LIFESTYLE

Tom Daley Reveals He Meditates For 10 Minutes Every Day To Cope With Stress And Anxiety

'It made me feel a lot calmer.'

09/01/2017 16:25

Olympic diver Tom Daley has revealed he meditates for 10 minutes every morning in order to help him deal with stress.

The 22-year-old said taking time out to sit still and focus on his breathing helps him cope with pressure in the lead-up to big competitions. 

“I started doing it in January and it was unbelievable in the way that it made me feel a lot calmer,” he said during an interview with AOL’s BUILDseries LDN.

“My stress levels went down, [my] anxiety went away.”

Tim P. Whitby via Getty Images

Daley admitted that he was first advised him to try meditation over a year ago, but was skeptical about how helpful “sitting there with your eyes closed” could be.

However, he committed to a daily session at the beginning of this year and is now fully converted.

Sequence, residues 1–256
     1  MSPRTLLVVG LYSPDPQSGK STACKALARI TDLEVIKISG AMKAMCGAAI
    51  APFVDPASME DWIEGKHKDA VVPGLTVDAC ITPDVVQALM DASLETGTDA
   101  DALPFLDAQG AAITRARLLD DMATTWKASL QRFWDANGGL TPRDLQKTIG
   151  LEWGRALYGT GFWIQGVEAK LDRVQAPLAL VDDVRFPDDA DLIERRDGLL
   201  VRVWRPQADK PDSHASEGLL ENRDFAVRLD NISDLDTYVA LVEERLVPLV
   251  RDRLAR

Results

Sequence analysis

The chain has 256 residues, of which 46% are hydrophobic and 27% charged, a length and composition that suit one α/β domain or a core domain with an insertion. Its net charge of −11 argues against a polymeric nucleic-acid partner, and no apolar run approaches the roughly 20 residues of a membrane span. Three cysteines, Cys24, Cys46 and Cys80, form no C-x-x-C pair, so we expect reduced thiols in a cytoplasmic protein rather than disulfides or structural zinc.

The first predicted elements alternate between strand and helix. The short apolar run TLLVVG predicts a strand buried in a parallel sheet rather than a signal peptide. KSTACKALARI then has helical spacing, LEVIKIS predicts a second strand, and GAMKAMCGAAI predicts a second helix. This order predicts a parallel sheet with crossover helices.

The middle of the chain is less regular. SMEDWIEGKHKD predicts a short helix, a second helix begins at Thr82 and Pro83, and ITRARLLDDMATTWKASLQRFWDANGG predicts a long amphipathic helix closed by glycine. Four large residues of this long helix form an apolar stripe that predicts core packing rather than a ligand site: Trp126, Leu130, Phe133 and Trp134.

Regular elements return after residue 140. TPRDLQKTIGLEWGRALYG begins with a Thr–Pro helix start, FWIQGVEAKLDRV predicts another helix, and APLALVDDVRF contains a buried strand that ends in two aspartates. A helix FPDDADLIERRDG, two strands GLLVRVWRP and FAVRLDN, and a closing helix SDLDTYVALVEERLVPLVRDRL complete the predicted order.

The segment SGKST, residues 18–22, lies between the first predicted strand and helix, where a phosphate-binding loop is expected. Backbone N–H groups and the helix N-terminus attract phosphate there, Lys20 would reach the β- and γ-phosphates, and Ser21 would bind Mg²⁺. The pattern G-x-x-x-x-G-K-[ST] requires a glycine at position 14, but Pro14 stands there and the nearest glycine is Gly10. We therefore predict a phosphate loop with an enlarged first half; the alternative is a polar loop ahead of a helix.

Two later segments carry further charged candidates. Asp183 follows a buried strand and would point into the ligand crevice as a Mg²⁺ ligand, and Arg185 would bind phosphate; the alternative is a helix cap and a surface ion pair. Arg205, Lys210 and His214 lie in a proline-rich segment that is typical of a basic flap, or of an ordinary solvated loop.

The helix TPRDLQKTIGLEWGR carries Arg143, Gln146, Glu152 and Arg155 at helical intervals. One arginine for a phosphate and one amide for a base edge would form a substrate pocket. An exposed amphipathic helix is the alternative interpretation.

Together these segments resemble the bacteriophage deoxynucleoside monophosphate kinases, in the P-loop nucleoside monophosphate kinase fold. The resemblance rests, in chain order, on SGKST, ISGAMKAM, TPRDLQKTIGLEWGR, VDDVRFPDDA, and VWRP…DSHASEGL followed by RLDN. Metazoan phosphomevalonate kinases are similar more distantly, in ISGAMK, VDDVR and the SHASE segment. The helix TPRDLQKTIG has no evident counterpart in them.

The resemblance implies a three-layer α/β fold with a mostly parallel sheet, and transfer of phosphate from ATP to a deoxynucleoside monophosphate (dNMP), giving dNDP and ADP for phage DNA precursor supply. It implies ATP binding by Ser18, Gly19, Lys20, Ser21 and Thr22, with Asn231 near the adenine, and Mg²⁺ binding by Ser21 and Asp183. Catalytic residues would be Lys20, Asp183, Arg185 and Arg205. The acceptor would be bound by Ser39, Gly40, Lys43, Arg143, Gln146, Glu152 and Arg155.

He said meditation has taught him that “with all the thoughts that are going around in your head and all the clouds...above that is always blue sky”.

Daley has previously spoken about the pressures of being an athlete in the limelight, revealing he saw a sports psychologist after being diagnosed with post-traumatic stress disorder (PTSD) following the London 2012 games.

During the final, Daley became distracted by a camera flash in the crowd, which caused him to make a mistake mid-dive. He was granted a retake and won bronze, but the incident caused him to experience flashbacks of flashing lights every time he went on the diving board.

Thankfully, he learned to manage the condition and was able to compete in the Rio 2016 Olympic Games.

In the BUILD interview, Daley admitted that practising meditation didn’t come easily to him in the past and he would continually get distracted, worrying about everything on his to-do list.

But thanks to daily practice he now finds it easier to stay calm and focus on the present.

He believes it will help him “going into competitions and [with] various different things in life in general”.

Rather than getting stressed about things out of your control, he recommends “being in the moment and focussing on what you can do right now to be the best you tomorrow”.

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